Your Tired, Your Hungry, Your Golden Geese

In Sicily and Lampedusa, some at least welcome the leaking, battered boats bearing loads of immigrants from the distant shores of Africa: the entrepreneurs who bid on the government contracts to warehouse them for processing and eventual expulsion or asylum. From La Repubblica, a scathing assessment of the migration business:

The more migrants who swarm into Lampedusa, the more money they make: 2 million Euros earned per day on the backs of the migrants.

The more you can cram into a dormitory, the better. The longer they stay, the better. And if they are minors, you really hit the jackpot: the government pays even more. Every time a boatload of migrants comes ashore, the “professional welcomers” whip out their calculators. Six-figure numbers are not in short supply.

In 2013, Italy spent more than 1.8 million Euros daily in “accommodation costs” for the 40,244 migrants who disembarked on its shores. Bed, meals, clothes, medicine and a stipend: the average expense amounts to 45 Euros spent on each migrant who ends up in any of the 27 migrants facilities: shelters for migrants or asylum seekers, “identification centers” or “deportation halls”. When the migrants are minors, with the special attention children need, the daily expenditure rate climbs to 70 euros: 8,000 of them have landed in Italy this year.

Over the last ten years, “migration hosting” has turned into a juicy business that a few giants have divided up among themselves: the [cooperative federation]Legacoop (Lega Nazionale delle Cooperative e Mutue) and some of its close business partners, the Catholic organization Communion and Liberation (Comunione e Liberazione) and a few multinational companies. The Ministry of the Interior calls for bids, and usually hands out the contracts [for hosting]after auctions at a 30 percent discount.

Despite the flow of money, the migrants are cooped up for months in overcrowded (at double- and sometimes triple-their capacity) shelters. For the migrants, these shelters are more like concentration camps, while for those who manage them, they are geese that lay golden eggs.

For Christopher Hein, the director of the Italian Council for Refugees, “this is made possible because in Italy most immigration related services are contracted based on only one criterion: the cheapest bid. This business of immigration is unacceptable. We are talking here about multi-million Euro deals that enrich those who are in charge while the most basic human rights of the migrants are trampled.”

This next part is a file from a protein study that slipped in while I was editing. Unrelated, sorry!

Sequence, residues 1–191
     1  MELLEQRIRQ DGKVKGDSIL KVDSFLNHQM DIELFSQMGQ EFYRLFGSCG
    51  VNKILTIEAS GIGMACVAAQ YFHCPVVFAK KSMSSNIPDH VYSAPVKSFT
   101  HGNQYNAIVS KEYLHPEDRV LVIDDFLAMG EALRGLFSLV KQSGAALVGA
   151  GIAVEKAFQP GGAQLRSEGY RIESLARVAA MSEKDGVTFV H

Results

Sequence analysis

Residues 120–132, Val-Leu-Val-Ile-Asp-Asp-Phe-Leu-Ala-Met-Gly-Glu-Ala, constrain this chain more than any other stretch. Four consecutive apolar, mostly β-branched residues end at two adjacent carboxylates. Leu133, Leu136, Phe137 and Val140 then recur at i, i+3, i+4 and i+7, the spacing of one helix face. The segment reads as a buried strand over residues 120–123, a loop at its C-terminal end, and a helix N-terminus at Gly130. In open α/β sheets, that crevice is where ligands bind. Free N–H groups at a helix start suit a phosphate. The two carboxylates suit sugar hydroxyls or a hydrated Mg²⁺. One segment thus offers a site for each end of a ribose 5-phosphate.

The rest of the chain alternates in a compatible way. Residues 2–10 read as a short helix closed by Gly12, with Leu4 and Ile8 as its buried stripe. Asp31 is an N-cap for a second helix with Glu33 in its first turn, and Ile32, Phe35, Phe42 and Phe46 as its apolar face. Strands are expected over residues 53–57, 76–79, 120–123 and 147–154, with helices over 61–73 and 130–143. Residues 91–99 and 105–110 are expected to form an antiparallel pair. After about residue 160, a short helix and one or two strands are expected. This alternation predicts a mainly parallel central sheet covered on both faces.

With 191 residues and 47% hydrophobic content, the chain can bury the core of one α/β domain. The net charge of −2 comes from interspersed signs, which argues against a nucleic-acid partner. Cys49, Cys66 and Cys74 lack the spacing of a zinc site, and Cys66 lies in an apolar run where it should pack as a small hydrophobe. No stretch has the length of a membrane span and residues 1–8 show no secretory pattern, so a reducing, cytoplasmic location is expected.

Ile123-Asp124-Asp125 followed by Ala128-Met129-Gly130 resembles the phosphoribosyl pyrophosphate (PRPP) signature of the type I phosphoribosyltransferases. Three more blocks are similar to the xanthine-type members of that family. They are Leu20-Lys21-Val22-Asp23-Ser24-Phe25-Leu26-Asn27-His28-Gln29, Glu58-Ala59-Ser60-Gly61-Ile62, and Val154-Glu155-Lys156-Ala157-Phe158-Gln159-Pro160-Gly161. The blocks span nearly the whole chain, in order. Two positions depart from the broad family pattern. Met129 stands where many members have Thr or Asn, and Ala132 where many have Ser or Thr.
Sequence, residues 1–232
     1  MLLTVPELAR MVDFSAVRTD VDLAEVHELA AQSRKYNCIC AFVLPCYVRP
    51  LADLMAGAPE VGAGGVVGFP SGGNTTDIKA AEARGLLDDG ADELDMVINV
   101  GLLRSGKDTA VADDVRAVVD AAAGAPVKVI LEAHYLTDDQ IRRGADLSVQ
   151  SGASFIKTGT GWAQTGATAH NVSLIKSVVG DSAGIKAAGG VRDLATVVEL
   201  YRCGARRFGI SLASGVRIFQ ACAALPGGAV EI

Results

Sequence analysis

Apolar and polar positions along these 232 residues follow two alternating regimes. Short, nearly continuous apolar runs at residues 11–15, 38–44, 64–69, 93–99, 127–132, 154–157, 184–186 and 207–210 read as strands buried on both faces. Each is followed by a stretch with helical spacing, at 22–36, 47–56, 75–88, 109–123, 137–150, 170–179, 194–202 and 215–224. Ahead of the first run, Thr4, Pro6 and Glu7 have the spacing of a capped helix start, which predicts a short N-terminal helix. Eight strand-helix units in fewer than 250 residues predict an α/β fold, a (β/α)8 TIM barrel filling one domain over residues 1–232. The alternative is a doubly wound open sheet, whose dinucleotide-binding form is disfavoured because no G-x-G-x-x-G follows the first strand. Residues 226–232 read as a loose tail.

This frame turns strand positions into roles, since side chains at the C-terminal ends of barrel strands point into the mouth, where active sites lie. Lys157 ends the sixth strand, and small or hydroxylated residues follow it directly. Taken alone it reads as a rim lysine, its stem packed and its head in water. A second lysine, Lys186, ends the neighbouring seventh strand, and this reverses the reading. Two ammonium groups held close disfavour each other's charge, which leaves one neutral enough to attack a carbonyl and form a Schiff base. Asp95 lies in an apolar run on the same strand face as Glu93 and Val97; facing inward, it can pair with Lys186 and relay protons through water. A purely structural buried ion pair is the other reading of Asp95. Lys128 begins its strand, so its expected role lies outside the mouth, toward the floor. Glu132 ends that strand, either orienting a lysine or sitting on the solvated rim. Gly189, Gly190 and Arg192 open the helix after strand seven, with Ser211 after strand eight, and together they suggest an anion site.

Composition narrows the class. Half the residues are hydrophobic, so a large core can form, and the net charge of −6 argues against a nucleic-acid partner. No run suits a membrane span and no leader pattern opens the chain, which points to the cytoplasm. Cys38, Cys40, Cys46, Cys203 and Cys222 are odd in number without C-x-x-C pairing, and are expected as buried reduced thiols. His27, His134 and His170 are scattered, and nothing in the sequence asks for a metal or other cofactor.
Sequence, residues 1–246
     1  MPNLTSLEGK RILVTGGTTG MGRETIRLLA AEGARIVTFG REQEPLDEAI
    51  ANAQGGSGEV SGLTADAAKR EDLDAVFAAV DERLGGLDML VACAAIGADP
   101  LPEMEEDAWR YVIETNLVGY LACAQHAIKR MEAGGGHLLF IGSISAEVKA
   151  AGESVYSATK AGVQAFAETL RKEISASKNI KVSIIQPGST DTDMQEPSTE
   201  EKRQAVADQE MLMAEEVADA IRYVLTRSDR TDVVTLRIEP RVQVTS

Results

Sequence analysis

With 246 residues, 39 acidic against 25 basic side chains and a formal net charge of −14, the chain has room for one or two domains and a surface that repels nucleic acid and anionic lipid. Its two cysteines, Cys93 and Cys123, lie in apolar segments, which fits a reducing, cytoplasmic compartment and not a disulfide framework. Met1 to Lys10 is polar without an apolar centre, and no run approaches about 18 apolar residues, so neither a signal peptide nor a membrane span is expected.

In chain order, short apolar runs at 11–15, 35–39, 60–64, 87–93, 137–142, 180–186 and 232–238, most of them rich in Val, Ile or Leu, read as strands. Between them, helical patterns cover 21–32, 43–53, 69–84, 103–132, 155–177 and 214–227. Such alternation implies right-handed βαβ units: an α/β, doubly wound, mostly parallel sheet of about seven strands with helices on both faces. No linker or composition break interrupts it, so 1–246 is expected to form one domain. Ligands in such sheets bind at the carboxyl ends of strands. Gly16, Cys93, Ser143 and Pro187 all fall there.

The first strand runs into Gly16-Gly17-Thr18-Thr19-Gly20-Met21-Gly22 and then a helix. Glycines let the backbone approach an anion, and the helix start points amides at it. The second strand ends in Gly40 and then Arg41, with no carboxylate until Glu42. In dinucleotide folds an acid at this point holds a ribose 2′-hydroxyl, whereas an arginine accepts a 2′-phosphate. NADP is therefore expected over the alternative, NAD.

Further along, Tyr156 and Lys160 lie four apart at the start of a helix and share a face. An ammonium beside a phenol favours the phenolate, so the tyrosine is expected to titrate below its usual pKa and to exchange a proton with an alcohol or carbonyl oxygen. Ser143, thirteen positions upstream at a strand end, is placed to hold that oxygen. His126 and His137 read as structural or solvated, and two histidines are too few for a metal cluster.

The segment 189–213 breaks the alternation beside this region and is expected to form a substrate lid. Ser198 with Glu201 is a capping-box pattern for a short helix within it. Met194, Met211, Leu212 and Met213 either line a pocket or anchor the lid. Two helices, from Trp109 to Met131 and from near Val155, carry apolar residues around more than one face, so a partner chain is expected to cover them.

Asylum seekers are by far the best part of the business. The refugee shelter in Mineo, Sicily’s ‘village of oranges’-which first hosted the American troops of the Sigonella Naval Air Station- has become a city-within-the-city. Needless perhaps to say that the shelter is today the economic engine of the whole province of Catania. Four thousand people (from 50 different ethnic groups), which is to say more than twice the shelter’s capacity, bring in around 50 million Euros every year to the Calatino Terre di Accoglienza.

This consortium is made up of companies like Sisyphus (part of Legacoop) which manages the Lampedusa shelter; the Senis Hospes Coop; Cascina Global Service (who is associated with the Catholic organization Communion and Liberation), the Red Cross, the Consortium Casa Solidale (related to [former rightist prime minister]Berlusconi’s PDL party).

And there is also the Pizzarotti family of Parma, who own the buildings that were requisitioned by the government in exchange for 6 million Euros in 2011, when a state of humanitarian emergency was declared because of the influx of migrants from North Africa. When the state of emergency ended, it was the turn of the Pizzarotti to join the consortium.

What Silvio Berlusconi liked to describe, two years ago, as a model of “migrant hospitality” in Europe has been transformed into what humanitarian organizations call concentration camps.

A few days ago, a young Syrian who had waited months for his asylum papers ended up committing suicide. Keeping the asylum seekers for unusually long periods is one of the many tricks that managers of the shelters like to use.

In the district of Messine, at Sant’Angelo di Brolo, an investigation conducted by the local prosecutor concluded that some migrants were kept as long as 300 days in the shelters after their asylum papers had already been awarded. A “trick” that made Sisyphus cash 468,000 Euros; this same company has been awarded the bid for managing the shelters of Elmas (near Cagliari in Sardinia) of Foggia and Lampedusa through which more than 100,000 migrants have passed.

The government fixed the amount of the bid at 2.5 million Euros to cover the 250 slots in the shelter’s official capacity. But for each additional migrant, the Interior Ministry takes out the checkbook.

And it is the same all over: the Peter and Angelo Chiorazzo cooperative Auxilium, which manages the Bari Palese and the Ponte Galeria shelters in Rome and the Pian del Lago shelter in Caltanissetta [Sicily] is reaping a lot more than the 40 million Euros officially budgeted.

The French company Gepsa, an expert in providing services to penitentiary facilities, has also sunk its teeth into the juicy business.

The same goes for the multinational Cofely Italia which does not mind working along with the cultural association Acuarinto d’Agrigente and the cooperative of social services Synergasia in managing the shelter of Castelnuovo di Porto [in Rome]and the Gradisca d’Isonzo deportation center.

And finally let us not forget Capo Rizzuto, the priest-entrepreneur of Isola Capo Rizzuto [Calabria], who claims his share in this fine business. His Mercy Fraternity has been managing for ten years, in exchange for 28 million Euros per year, a migrants’ shelter where all sleep packed like sardines in old shipping containers.

Alessandra Ziniti Translated from Italian by International Boulevard